My partner is reading this (horrendous) book on technology. I am not a fan, largely because it is convicting in how much time I spend “connected” rather than with those in front of me. But, that is a different story for a different day. Recently, the following gem from said book was shared with me – as technology is advertised, it is always with the promise to be faster and have greater capacity than what we are currently using.
Interesting. We all live in a world where going faster and doing more is expected. As consumers we demand it. But, what if, I don’t want to go faster? What if I am already working at capacity? What does my life (aside from my smart phone) look like if I am constantly trying to do more, hold more, be more? I graduated from college in 1994. We were right on the cusp of email and the internet. (insert Al Gore quip here!) I made my way through 21 years of my life with a paper calendar and a phone that plugged into a wall. Students will often guffaw at this reality. But, it is true. We met together to solve problems. Those meetings were set up by phone calls. We didn’t move as fast – the capacity to find a quick answer by using Google or searching a website didn’t exist. I had to rely on problem solving, best guesses in decision making and taking risks in a way that is different than how I operate now. As an undergraduate student leader, graduate student and new professional, I felt that I had great capacity. But, in no way was I able to communicate with the speed and frequency that I do now. In the month of May, I sent Liberty 76 emails. In February, 93. The woman works 30 feet from me. Please. Or, as she may say, Stop.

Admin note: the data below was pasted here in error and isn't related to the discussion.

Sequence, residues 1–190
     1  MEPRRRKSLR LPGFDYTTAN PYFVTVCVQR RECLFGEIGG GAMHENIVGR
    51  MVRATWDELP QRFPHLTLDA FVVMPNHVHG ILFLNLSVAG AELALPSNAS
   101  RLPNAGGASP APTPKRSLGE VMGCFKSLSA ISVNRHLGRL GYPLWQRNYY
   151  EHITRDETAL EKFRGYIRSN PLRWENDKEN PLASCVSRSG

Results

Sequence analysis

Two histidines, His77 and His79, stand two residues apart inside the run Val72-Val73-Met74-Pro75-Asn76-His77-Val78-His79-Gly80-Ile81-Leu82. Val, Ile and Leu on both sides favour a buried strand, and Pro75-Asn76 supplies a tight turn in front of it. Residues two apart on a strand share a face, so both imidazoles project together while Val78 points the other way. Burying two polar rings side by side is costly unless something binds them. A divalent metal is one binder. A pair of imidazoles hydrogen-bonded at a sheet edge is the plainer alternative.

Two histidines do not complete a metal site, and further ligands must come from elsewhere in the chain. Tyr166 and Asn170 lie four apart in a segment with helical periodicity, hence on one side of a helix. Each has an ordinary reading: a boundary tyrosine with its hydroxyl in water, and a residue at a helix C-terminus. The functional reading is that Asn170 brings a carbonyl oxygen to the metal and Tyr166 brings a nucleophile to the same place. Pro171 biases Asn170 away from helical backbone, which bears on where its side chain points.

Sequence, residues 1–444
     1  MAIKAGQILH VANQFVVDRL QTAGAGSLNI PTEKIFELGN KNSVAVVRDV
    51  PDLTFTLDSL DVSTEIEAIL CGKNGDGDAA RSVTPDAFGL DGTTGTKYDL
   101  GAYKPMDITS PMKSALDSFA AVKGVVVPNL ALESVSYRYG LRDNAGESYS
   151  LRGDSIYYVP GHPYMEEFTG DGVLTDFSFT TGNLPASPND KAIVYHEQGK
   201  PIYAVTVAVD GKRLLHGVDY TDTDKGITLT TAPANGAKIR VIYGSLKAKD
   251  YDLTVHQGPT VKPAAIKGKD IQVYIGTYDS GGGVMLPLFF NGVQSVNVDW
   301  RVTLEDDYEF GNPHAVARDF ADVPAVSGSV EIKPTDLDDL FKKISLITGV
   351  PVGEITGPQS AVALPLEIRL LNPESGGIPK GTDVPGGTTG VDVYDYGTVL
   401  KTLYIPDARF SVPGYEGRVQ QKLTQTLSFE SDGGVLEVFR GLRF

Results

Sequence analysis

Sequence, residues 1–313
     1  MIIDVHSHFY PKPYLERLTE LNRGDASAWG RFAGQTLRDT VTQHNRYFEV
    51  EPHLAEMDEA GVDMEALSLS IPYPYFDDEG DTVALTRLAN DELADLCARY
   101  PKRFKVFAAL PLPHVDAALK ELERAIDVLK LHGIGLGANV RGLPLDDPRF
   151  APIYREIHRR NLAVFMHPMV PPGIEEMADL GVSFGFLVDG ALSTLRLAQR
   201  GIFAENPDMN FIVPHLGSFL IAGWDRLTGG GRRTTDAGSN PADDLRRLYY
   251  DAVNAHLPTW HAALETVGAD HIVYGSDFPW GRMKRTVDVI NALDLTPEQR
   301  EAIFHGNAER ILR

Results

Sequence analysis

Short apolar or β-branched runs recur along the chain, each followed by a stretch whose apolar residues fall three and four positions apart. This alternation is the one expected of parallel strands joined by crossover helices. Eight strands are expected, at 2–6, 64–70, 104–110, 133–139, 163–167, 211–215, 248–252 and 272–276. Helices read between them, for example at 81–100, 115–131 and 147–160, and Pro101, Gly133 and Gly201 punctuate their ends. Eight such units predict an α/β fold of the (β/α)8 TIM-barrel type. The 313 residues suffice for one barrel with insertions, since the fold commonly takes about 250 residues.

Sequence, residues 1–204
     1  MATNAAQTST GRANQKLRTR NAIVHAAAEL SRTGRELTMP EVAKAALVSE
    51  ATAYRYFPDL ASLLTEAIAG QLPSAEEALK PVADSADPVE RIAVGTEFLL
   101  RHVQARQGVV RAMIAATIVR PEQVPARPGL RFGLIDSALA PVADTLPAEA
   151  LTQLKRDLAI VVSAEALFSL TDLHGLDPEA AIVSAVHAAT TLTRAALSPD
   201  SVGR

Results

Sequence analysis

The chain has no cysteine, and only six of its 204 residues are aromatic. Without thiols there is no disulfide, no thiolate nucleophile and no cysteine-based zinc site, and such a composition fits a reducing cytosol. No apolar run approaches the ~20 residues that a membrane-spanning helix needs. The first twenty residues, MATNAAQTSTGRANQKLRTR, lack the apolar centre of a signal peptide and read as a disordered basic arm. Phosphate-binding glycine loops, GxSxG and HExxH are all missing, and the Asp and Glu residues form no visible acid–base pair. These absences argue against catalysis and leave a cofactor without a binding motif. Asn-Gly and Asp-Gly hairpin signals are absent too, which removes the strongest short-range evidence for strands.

One of my childhood memories involves my Mom stopping by her to see her friends or my grandparents after she finished teaching for the day. There was never a call before showing up at the door – we would just go. No reason, just a moment to “visit” and catch up. I think if a friend showed up at my door without ‘warning’, I would assume something tragic had happened to them. Seriously. Nothing in my world happens without some sort of email or text to set it up. I mean, goodness, even the daughter’s orthodontist emails me to confirm appointments.
As we enter into summer, I suppose I am asking – do we need to be faster and have greater capacity? Or, is it a time the commit to stop, read, think, pray. To consider those we are connected to and call them? Or, visit them? I am leaving the country for 10 days without access to phone or email. We did it last summer for 2 weeks. It took a couple of days to adjust, but it was magnificent. My challenge to you – find a way to move slower and not take on more this season.